Gerdemann leaves peleton behind in Alps, wins Stage 7


LE GRAND-BORNAND, France -- Linus Gerdemann hadn't even
finished celebrating his first Tour de France stage victory before
sounding a loud drumbeat from the winner's circle: Races can and
should be won clean.

The 24-year-old German, riding in his first Tour, captured the
leader's yellow jersey as cycling's premiere event entered three
days in the Alps with Saturday's seventh stage.

Gerdemann's T-Mobile team has been scarred more than most over
doping revelations, and has responded in the past year by enacting
some of the toughest anti-doping policies in the sport.

Gerdemann clocked 4 hours, 53 minutes, 13 seconds. Inigo
Landaluze of Spain was second, 46 seconds back. David de la Fuente
of Spain was third, 1:39 back.

Overall, Gerdemann leads Landaluze by 1:24 and De La Fuente by
2:45, and will don the yellow jersey Sunday for the second of three
punishing Alpine rides. The 102.5-mile stage from Le Grand Bornand
to Tignes features six climbs -- including an uphill finish.

Gerdemann is the second rider to don the yellow jersey this
year, after Swiss rider Fabian Cancellara held it for the first
eight days. Cancellara finished 22:27 behind on Saturday.

In post-race news conferences on Saturday, Gerdemann used the
word "clean" at least six times. He spoke about blood tests he
had undergone. He decried the harm done by doping in the sport, and
said he understood fans have doubts.

"It's really hard for young riders to take the responsibility
now," Gerdemann said. "But the sport gave a lot to me in the past
-- and now I think it's the right moment to give something back."

It was a fresh voice at an event where many riders and staffers
refuse to discuss doping or get short-tempered even when the word
comes up -- saying they want to focus only on "the sport."

T-Mobile has sought publicly to stake out the high ground.

"I don't want to say that just T-Mobile is a clean team,"
Gerdemann said. "I think many, many teams realize that the
old-school way is not the way anymore -- but for sure, we have to
show the way more and more."

The team's former star, 1997 Tour winner Jan Ullrich, was
disqualified from racing on the eve of the start of last year's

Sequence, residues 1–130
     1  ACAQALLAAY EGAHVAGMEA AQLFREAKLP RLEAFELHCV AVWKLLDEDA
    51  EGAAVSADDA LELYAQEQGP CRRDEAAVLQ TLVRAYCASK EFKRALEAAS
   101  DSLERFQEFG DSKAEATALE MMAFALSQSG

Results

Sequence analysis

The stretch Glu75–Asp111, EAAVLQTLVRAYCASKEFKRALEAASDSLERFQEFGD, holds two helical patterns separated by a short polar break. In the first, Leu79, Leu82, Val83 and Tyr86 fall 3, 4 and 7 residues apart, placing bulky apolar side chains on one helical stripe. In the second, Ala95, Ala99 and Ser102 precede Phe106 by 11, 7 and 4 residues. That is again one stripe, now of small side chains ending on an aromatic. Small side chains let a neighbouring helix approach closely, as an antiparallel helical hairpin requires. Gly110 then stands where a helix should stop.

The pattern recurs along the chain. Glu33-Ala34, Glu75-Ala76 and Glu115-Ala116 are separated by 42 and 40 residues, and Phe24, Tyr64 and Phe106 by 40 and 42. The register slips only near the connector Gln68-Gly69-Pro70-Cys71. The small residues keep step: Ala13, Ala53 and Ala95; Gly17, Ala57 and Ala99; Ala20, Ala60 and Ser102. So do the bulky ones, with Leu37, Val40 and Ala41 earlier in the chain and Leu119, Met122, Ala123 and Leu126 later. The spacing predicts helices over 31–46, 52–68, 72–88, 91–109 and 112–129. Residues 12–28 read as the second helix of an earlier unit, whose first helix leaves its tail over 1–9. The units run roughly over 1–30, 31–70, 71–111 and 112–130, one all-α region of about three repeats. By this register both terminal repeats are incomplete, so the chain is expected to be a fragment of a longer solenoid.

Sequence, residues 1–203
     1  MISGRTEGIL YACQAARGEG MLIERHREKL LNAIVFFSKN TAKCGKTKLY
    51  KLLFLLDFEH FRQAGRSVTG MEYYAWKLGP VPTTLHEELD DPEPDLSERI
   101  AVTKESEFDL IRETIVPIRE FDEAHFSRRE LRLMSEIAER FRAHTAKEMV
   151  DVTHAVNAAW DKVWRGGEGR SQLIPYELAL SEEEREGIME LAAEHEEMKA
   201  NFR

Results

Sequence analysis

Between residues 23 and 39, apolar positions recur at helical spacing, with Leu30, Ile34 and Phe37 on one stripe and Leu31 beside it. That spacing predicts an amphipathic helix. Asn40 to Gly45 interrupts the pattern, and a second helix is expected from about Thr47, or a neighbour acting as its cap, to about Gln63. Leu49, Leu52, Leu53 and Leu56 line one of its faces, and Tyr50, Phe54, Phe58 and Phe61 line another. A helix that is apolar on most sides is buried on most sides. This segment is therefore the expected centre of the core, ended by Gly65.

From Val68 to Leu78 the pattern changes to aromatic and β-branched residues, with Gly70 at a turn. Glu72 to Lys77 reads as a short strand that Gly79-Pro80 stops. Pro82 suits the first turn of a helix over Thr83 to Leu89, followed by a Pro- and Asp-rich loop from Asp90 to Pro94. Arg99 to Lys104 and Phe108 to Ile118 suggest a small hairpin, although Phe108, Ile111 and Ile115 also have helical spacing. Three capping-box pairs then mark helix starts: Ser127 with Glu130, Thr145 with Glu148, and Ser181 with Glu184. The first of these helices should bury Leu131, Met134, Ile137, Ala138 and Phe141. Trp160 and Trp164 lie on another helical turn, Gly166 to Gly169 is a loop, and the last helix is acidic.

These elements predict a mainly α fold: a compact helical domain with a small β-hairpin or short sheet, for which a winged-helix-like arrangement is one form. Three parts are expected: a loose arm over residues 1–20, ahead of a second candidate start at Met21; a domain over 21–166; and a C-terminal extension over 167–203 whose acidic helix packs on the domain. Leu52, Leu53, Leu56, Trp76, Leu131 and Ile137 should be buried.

Tour after his name turned up in a Spanish blood-doping
investigation. In recent months, several former riders from the
Telekom team -- as T-Mobile was formerly called -- admitted to doping
in the 1990s.

The team and Tour organizers are eager to hoist up young riders
like Gerdemann as potential harbingers of a new era.

"It's the fresh air we were hoping for, with a team that has
taken exemplary measures," Tour director Christian Prudhomme said.

The ride into the Alps has been expected to weed out the
potential favorites in the three-week race, but two time trials and
the Pyrenees also lurk down the road.

Gerdemann won by speeding out from a group of breakaway riders
during the 123-mile ride from Bourg-en-Bresse to Le Grand-Bornand,
featuring a winding ascent up La Colombiere Pass, the first
category 1 climb this year.

After last year's climb of the 10-mile La Colombiere ascent,
2006 Tour winner Floyd Landis tested positive for synthetic
testosterone after the 17th stage. An arbitration panel is deciding
whether Landis should be allowed to keep his title.

Two pre-race favorites -- Astana teammates Alexandre Vinokourov
of Kazakhstan and Germany's Andreas Kloeden -- made it through
another day nursing injuries from crashes during a frenzied stage
Thursday. Kloeden has a hairline fracture in his tailbone and
Vinokourov has stitches in both knees.

Other potential contenders for the 2007 Tour title -- including
American Levi Leipheimer, Australia's Cadel Evans, Alejandro
Valverde and Oscar Pereiro of Spain, and Russians Vladimir Karpets
and Denis Menchov -- didn't seek to exploit the Astana riders'
troubles Saturday. All favorites finished in a bunch of 35 riders
that was 3:38 back of Gerdemann.

The race is also picking up speed.

Despite the climbs, Gerdemann averaged 25.1 miles per hour, up
from an average of 24.8 mph by the stage winners in the first six
stages across flat terrain in northern France, Belgium and
southeast Britain. London hosted the Tour start for the first time.

Fallout from doping in cycling continues to hover over the race
this year. Tour officials confirmed Saturday that Erik Zabel, a
German rider with the Milram team, will no longer be considered the
winner of the green jersey, awarded to the race's best sprinter, in

Zabel, who won the green jersey a record six times, said in May
he used the banned performance enhancer EPO for one week as a
Telekom rider in the Tour that year -- but never again.

His 1996 victory will be scratched from the Tour's record books.
But under the rules of cycling's governing body UCI, Zabel cannot
be officially stripped of the jersey because the statute of
limitations for sanctions has expired.